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On Off Road Buggies - Why use a rear trailing arm rather than using double A Control arms ?

On Off Road Buggies - Why use a rear trailing arm rather than using double A Control arms ?

On Off Road Buggies - Why use a rear trailing arm rather than using double A Control arms ?

(OP)
I'm just wondering why the top buggies use trailing arms on the rear inplace of double A arms.

Thanks
Dave

RE: On Off Road Buggies - Why use a rear trailing arm rather than using double A Control arms ?

Length of arms to allow greater travel with less angle change.

As the trailing arms are normally set so they slope back and down at a reasonably steep angle to horizontal the wheel moves back as it moves up, thereby allowing a little more time for the amount of travel and reducing the shock load from the bump.

Regards
Pat
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RE: On Off Road Buggies - Why use a rear trailing arm rather than using double A Control arms ?

(OP)
They must be a terrible thing with 5 or 6 degrees body roll ?

Thanks
Dave

RE: On Off Road Buggies - Why use a rear trailing arm rather than using double A Control arms ?

You mean compared to the tyre running along or sliding into a 2' high embankment or running in a previous tyre track 8" deep or a culvert or creek bed full of rocks that are considerably bigger than bricks or one wheel running over a rock that is 2' high.

Regards
Pat
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RE: On Off Road Buggies - Why use a rear trailing arm rather than using double A Control arms ?

"trailing arms are normally set so they slope back and down at a reasonably steep angle to horizontal the wheel moves back as it moves up, thereby allowing a little more time for the amount of travel and reducing the shock load from the bump."

And makes for graceful landings on the down slope after being airborne for a 100 feet or so, after topping the crest of a hill.

Love the design approach of the unlimited Tecate SCORE 1000 trophy trucks; awesome long travel suspensions with 30+ inches of travel.

RE: On Off Road Buggies - Why use a rear trailing arm rather than using double A Control arms ?

(OP)
Hi Pat

Before I posted I went back through the searches and I have seen a few of your posts on the off road vehicles and I understand what your saying about reliability over geometry I just struggle with it a bit.

I assume because the front is so much lighter it can get away with the A arms. If I was to build a smaller lighter buggy (around 1000kgs on the start line with crew and 200hp) to run on the same tracks as the bigger buggies - would I be better off with trailing arms or A arms ?

Regards
Dave

RE: On Off Road Buggies - Why use a rear trailing arm rather than using double A Control arms ?

Dave, Whilst the above points on wheel regression are valid, I believe a key design consideration is the drive force reaction. The A arms have to react this force to the body as a torque over the relatively narrow span of the A arms, whereas the trailing suspension sees mostly a compressive force in the trailing link.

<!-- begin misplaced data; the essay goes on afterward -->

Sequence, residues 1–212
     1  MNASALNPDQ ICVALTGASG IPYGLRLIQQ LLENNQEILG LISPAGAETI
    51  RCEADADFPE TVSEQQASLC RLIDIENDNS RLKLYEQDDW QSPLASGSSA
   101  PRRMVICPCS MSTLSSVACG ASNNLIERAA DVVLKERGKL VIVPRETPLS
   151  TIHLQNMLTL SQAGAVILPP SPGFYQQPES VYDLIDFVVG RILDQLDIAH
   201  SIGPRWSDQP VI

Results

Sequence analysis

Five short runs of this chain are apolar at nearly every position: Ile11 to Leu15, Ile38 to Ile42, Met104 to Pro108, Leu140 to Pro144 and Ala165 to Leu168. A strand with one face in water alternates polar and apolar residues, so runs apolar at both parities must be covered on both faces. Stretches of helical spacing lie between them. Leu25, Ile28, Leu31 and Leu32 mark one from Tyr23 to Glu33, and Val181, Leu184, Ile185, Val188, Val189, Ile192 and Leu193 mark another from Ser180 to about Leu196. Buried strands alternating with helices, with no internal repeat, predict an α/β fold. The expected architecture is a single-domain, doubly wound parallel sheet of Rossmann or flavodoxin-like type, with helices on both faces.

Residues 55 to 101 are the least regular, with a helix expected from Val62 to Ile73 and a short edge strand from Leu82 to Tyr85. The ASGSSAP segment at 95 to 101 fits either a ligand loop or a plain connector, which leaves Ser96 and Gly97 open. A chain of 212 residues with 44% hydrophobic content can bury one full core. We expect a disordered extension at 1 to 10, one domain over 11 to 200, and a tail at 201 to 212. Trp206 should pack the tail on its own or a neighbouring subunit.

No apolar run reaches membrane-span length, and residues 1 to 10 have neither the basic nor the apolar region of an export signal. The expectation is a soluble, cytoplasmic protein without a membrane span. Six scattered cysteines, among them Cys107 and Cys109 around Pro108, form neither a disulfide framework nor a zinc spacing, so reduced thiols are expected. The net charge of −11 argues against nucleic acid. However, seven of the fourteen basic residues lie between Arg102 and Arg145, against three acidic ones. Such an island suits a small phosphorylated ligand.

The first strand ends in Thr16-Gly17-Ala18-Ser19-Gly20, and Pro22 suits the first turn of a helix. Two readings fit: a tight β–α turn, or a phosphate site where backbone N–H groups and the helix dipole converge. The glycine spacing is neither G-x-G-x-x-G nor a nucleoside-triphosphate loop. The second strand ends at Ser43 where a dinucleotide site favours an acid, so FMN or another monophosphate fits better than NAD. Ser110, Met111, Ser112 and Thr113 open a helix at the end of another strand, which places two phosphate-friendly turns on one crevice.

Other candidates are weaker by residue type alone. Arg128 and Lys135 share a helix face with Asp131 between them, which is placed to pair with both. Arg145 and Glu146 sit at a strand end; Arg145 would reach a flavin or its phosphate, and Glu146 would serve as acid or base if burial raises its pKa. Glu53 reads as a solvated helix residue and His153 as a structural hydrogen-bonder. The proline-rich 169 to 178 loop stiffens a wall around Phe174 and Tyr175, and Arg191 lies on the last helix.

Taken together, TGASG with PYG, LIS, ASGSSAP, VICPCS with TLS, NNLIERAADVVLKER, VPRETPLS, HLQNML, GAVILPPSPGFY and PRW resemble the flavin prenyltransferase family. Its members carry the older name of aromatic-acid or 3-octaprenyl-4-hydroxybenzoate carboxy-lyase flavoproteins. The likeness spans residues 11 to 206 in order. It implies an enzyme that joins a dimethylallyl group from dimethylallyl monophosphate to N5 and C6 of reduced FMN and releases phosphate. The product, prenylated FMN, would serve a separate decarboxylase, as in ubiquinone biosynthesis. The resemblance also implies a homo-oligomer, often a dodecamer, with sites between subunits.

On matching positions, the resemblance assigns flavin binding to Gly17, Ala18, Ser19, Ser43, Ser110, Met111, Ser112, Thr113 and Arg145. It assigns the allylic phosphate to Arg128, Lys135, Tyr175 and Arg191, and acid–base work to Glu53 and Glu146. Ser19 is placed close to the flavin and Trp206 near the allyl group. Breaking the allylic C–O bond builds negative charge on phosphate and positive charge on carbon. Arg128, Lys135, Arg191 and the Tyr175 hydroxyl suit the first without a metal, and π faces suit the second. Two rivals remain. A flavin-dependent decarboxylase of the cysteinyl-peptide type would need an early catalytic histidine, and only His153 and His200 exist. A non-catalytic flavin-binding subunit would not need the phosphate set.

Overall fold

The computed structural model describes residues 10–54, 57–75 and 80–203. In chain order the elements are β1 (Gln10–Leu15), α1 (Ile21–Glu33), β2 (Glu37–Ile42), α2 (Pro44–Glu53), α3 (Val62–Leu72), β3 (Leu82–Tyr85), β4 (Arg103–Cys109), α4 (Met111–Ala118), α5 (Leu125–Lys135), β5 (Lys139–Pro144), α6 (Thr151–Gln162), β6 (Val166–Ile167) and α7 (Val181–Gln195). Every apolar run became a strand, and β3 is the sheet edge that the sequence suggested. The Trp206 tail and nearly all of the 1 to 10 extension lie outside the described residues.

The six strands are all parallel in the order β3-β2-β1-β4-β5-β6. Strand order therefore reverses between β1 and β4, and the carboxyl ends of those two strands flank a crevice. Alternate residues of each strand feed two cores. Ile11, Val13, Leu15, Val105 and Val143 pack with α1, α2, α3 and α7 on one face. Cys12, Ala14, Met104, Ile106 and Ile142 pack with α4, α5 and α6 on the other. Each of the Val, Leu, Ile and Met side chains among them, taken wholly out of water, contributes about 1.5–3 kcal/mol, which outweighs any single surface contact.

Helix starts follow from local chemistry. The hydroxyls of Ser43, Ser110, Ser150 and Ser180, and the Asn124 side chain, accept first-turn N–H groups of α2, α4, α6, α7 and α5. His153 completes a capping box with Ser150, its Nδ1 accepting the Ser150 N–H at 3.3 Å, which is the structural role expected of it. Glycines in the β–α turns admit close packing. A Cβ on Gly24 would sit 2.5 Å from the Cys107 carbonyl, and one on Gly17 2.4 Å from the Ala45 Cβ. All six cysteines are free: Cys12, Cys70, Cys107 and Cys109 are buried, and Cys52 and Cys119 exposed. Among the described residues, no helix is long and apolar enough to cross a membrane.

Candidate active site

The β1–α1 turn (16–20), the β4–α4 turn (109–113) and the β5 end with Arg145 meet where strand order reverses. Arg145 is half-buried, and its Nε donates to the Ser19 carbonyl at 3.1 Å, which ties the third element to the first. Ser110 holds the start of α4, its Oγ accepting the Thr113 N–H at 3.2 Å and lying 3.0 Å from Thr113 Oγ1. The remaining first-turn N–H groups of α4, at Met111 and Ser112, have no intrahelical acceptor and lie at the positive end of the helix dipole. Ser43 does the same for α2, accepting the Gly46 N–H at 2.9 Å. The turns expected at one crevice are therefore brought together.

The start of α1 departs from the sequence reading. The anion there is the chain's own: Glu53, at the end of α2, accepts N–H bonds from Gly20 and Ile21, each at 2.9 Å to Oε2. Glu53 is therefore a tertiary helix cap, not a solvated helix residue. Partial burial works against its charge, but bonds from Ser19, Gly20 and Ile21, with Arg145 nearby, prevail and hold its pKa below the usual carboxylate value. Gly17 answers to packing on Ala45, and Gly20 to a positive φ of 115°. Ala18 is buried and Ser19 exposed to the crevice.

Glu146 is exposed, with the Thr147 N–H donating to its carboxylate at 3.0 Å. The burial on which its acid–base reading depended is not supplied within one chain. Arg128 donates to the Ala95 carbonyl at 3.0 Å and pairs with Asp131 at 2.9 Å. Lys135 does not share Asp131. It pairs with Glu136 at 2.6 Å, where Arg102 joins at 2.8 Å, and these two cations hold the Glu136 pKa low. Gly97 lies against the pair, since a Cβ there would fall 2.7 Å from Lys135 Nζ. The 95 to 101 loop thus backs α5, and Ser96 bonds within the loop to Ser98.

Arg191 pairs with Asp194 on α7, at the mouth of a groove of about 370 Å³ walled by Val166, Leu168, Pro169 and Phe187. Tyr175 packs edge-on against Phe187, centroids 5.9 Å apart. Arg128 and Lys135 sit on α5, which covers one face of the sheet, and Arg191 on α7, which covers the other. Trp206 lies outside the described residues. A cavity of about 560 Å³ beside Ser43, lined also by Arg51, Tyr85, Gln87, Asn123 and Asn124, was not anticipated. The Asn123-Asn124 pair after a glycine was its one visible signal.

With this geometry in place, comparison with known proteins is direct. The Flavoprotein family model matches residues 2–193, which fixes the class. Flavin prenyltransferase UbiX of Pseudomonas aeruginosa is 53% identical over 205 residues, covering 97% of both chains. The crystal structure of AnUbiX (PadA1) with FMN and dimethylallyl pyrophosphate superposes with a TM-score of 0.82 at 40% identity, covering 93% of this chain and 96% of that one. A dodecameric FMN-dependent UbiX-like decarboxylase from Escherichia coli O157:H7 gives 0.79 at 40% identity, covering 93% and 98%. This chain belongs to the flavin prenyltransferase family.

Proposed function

Andrew

RE: On Off Road Buggies - Why use a rear trailing arm rather than using double A Control arms ?

(OP)
Ok, working with semi-trailing arms now. Listening to Pat's comments on travel I've become a bit greedy and trying for 600mm travel. Is there a reason why I can’t angle the front of the arm to chassis mounting towards the ground inboard ie. not parallel to the ground by about 8.5 degrees while angled 12.5 degrees towards the rear.

This looks like about 12.5 degrees of camber change at the cost of 23mm scrub.

I have forgotten the exact numbers but 12mm scrub was around 8.5degrees of camber change which may be easier to live with.

How much scrub is acceptable? 23mm? Will it cause the buggy to dart around if it bounces across ruts on one wheel.

RE: On Off Road Buggies - Why use a rear trailing arm rather than using double A Control arms ?

In the 60s, before PAS, scrub radii of 100 mm were common if not de rigeur. 23 mm of scrub is a little high these days, but not unheard of.

Cheers

Greg Locock


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RE: On Off Road Buggies - Why use a rear trailing arm rather than using double A Control arms ?

Dave

When you are in the dirt and mud, precision is not so important as when on bitumen.

When you hit bumps that are a foot high or launch of a creek bed or a large mound and come down to land hard, travel and strength far outweigh a bit of sideways movement of the wheel relative to the chassis. Geometry as it affects the contact patch is about your third priority behind travel and strength.

Regards
Pat
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